I have always felt that being an educator was a multifaceted job. My main job as a social studies educator is to help young people understand the world around them enough to make well-informed choices that help to encourage acceptance, diversity, and good citizenship in their communities. In addition to that, I am also a mentor who helps students navigate through their problems or a protector who is determined to maintain the well-being of my students. But the main job of my students; To allow me to earn their trust, and demonstrate that their knowledge transcends outside of the classroom.
When it comes to education, I take a cognitive approach to teaching and align myself with Piaget. By allowing my students to reference from their own experiences, this allows students the ability to create their meaning. Piaget’s theory of Cognitive Development tells us the best way to understand the reasoning of adolescents is to see things from their perspective and that adolescents are actively building knowledge about their worlds.
A colleague of mine had once advised me that student engagement is directly related to the relevance of the material to students’ lives. This is a statement that I fully agree with since many students struggle to relate the past to the present. As an educator, I recognize this and plan to apply this to my classroom by making sure that all of my students feel represented in the content I am teaching. More specifically, I think it is important to highlight different cultures and communities so that all students feel represented, and respected. When teaching about something in the past, I must find a modern parallel when possible. For example, if teaching about WW2, and the genocide of mainly Jewish people, I could relate this to the 1994 genocide in Rwanda.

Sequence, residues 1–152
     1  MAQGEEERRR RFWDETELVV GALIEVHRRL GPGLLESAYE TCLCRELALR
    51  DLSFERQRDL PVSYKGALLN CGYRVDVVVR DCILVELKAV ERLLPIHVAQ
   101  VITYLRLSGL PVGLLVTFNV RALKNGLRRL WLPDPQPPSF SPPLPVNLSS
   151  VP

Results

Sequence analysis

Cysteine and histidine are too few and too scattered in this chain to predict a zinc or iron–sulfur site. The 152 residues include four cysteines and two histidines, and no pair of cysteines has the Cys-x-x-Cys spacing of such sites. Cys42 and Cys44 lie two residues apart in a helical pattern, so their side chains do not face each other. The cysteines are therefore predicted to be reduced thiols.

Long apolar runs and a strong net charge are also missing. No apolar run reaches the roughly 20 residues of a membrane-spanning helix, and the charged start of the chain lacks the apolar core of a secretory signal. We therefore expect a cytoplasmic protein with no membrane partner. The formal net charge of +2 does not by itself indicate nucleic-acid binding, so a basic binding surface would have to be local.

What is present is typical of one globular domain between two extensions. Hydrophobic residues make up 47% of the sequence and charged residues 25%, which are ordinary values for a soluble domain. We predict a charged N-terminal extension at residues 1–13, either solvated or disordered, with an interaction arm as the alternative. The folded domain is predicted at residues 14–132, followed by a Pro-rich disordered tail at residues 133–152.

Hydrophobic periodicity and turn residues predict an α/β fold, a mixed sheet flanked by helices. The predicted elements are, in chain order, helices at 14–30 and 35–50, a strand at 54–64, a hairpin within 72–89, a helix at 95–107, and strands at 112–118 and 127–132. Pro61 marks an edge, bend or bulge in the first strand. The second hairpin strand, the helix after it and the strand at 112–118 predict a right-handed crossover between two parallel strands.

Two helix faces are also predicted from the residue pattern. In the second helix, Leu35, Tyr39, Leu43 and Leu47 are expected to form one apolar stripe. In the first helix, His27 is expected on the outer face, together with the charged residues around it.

As the person of main authority in the classroom, it is important to me, and my students that I create a sense of community and belonging in my classroom. One way to this is to have students in each class help create a set of reasonable rules and expectations. When students feel involved in the process of setting expectations, the hope is that they will feel more connected not only to myself but their classroom peers.
As a teacher, I want to create a respectful community of students in my classroom, not only to other students but with myself as well. I have found the best way to earn the trust of your students is by showing your learners that you respect them. I feel fortunate to have had the relationships I did with former students and I built these relationships by joking with my students, showing interest in their interest, and demonstrating to my students that I genuinely care about their well beings. I used to ask my students how their sports games went, what their weekend plans were, or asking them about family traditions around the holidays. By developing these relationships, it creates a more intimate classroom atmosphere when teaching. As I understand my students better, I can use this to appreciate their perspectives and navigate where they create their meaning from. My main goal as a teacher is to understand my students so that I can mold myself to their needs. In the end, everything I do is for the benefit of my students.